The Right Way to Handle Patient Referrals

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The Right Way to Handle Patient Referrals

By The Fix staff 02/28/18

As the UK grapples with a patient brokering scandal, one recovery agency wants to find an ethical approach to matching clients and treatment centers.

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A doctor and patient shaking hands

You have reached rock bottom, and are finally ready to ask for help. You pick up the phone to call an organization that you believe can get you into the right treatment facility, without realizing that organization is actually making a profit for sending you to a particular treatment facility.

This practice, known as patient brokering, is illegal in the United States. However, it recently made headlines in the United Kingdom, where Google was found to be profiting off ads from patient brokers, who in turn made thousands of British pounds each time they send a client to a particular rehab clinic.

“Profiting from referrals hurts the drug and alcohol treatment industry,” says Christopher Yiannakou, the director of Serenity Health, a U.K. organization that connects patients with drug and alcohol rehab services. Yiannakou says that although Serenity Health does refer patients to rehab and detox programs, clients are matched based on their needs, rather than an anticipated kickback from the program that they go to.

“We do a full assessment and place clients into the right treatment center, not like the (brokers) who go for the highest bidders,” he says.

Although the practice of referring clients to rehabs has developed a bad reputation, Yiannakou says it is possible to do client referrals ethically.

“Not every alcohol rehab and drug rehab company can be painted with the same brush stroke, including the referral agents,” he said.

Fenella Price, sales and marketing director for Serenity Health and Substance Misuse, explains that ethical referral agents are focused on helping people find the right treatment center, rather than on turning a profit.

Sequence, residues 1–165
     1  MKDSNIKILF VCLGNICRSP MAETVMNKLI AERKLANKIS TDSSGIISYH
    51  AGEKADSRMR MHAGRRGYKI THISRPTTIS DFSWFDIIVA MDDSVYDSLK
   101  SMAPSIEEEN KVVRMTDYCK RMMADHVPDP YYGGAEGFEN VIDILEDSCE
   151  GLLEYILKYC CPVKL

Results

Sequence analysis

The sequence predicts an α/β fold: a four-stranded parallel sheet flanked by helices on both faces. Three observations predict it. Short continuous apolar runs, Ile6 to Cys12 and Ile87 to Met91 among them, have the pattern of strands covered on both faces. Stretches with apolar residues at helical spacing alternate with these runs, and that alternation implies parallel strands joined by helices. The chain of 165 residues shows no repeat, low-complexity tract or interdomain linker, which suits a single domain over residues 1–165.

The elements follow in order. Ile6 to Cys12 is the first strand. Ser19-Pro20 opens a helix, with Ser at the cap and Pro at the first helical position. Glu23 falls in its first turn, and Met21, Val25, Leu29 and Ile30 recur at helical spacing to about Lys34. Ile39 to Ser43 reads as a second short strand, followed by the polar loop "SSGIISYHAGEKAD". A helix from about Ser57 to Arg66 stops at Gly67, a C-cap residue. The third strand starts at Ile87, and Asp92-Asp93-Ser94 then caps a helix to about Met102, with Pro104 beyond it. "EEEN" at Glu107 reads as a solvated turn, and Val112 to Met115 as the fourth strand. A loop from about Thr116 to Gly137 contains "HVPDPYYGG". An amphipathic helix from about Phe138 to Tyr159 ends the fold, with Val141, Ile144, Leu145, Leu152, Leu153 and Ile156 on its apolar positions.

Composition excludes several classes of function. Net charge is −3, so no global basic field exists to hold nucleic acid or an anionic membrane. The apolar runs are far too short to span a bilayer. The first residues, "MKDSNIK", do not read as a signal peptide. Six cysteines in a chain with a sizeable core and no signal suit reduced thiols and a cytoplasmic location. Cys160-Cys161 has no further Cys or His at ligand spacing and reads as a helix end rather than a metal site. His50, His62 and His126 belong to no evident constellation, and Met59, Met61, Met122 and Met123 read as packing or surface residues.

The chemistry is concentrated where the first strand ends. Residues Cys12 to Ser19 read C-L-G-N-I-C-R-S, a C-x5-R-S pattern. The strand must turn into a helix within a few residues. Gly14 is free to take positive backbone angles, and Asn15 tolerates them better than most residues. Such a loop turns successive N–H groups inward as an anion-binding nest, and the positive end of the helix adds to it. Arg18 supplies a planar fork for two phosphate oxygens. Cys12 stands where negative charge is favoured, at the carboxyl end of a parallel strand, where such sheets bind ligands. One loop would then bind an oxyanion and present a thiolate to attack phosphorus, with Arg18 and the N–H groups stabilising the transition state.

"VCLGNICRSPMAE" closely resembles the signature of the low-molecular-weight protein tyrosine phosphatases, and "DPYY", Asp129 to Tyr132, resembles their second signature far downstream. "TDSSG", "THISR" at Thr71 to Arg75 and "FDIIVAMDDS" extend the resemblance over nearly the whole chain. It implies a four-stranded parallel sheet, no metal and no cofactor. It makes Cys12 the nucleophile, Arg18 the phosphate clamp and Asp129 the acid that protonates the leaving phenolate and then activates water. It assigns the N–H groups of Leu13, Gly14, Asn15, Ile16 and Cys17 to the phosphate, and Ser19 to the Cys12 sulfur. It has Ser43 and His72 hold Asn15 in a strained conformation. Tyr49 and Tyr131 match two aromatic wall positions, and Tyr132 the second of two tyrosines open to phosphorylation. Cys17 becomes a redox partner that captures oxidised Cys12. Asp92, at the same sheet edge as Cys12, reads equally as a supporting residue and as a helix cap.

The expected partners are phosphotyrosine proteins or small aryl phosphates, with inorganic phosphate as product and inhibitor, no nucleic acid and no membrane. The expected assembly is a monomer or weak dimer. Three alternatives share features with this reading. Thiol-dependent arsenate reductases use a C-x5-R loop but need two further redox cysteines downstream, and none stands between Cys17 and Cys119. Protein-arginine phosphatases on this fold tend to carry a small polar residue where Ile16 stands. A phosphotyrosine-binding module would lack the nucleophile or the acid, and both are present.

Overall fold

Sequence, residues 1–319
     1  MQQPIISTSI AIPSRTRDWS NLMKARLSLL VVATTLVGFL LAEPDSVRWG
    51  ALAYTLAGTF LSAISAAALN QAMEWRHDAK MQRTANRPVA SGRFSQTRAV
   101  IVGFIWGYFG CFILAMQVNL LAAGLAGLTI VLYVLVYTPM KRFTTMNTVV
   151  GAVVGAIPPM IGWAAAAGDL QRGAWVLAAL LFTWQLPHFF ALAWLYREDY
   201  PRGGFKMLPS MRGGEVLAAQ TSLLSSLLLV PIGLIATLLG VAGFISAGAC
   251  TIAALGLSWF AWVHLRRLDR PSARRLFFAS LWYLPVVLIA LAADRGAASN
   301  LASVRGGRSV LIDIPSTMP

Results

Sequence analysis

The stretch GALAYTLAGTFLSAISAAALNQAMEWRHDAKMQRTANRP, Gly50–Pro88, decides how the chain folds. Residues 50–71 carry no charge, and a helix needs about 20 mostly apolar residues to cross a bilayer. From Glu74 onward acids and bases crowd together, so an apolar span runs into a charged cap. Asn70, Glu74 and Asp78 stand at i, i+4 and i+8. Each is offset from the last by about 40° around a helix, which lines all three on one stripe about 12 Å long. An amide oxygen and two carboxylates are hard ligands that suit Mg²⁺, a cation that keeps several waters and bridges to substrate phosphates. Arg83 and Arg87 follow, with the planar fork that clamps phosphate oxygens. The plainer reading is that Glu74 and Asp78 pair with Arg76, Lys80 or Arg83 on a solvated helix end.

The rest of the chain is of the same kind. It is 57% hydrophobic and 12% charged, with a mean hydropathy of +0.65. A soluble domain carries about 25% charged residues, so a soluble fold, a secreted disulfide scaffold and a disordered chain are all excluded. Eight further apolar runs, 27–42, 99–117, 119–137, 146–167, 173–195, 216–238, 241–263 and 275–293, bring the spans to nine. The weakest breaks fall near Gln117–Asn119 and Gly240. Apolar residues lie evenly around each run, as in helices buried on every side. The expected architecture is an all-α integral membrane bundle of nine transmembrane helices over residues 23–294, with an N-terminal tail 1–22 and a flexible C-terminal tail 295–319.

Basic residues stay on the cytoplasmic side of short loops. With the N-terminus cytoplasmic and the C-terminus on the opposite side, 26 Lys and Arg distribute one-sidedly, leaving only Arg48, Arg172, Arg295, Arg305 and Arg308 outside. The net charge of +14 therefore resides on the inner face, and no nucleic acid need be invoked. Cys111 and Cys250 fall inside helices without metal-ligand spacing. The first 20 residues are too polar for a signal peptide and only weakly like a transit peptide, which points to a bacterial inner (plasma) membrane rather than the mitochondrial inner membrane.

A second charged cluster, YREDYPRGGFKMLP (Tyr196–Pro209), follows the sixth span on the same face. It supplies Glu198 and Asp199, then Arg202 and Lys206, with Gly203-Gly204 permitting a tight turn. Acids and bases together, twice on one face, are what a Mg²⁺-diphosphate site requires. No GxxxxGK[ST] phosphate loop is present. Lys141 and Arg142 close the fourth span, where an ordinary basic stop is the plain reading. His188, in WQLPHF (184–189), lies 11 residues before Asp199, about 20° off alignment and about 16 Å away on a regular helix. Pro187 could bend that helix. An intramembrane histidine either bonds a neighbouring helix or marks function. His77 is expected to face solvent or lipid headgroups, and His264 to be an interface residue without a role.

"We were saddened to hear that Google has been profiting from the most vulnerable in our society and want to make it very clear that this is not standard practice across the board,” she said. “We do not make money out of people seeking help for their addictions, but instead look to help and support them to full recovery."

However, unethical brokers have been grabbing the headlines most recently. In the U.K. it has been commonplace for brokers to get a percentage of the cost of a client’s treatment. An unscrupulous broker can pocket up to 40 percent of what a patient is paying, leaving the clinic only 60 percent of the so-called cost of care to deliver recovery services.

“How can a clinic give full benefit to rehab clinic clients when it receives only 60 percent of the fees? This is affecting clients’ treatment,” Yiannakou says.

Some treatment programs have increased their fees in response to the practice of paying brokers, which leaves more people unable to access treatment due to the cost, Yiannakou says.

“There are some things in life more important than profit, and maintaining public health is one of them,” he says.

To try to address the problem of brokers making excessive money off people seeking treatment, Yiannakou has called for the creation of a National Agency for Clinic Addiction Referrals. He hopes that this agency can work with treatment professionals to set standards for what is and is not acceptable when it comes to profiting off patient referrals. One policy that he believes would work is assigning a set percentage that brokers are paid for referrals across the industry.

“This would make it more fair for clinics and increase the focus on the client being put in the right rehab clinic because there's no high fees to gain,” he said.

Although patient brokering has been banned in the United States, Yiannakou doesn’t believe that the U.K. government is ready to ban brokering, or that the healthcare system in the U.K. is ready to remove brokering entirely.

“This problem will not go away,” he said. “Clinics need clients, and broker agencies tend to market themselves better than clinics, so they attract more clients. Thats why a nonprofit, nongovernmental organization needs to be set up to safeguard the clients entering any rehab clinic.”

For more information, visit Serenity Health or follow them on Twitter.

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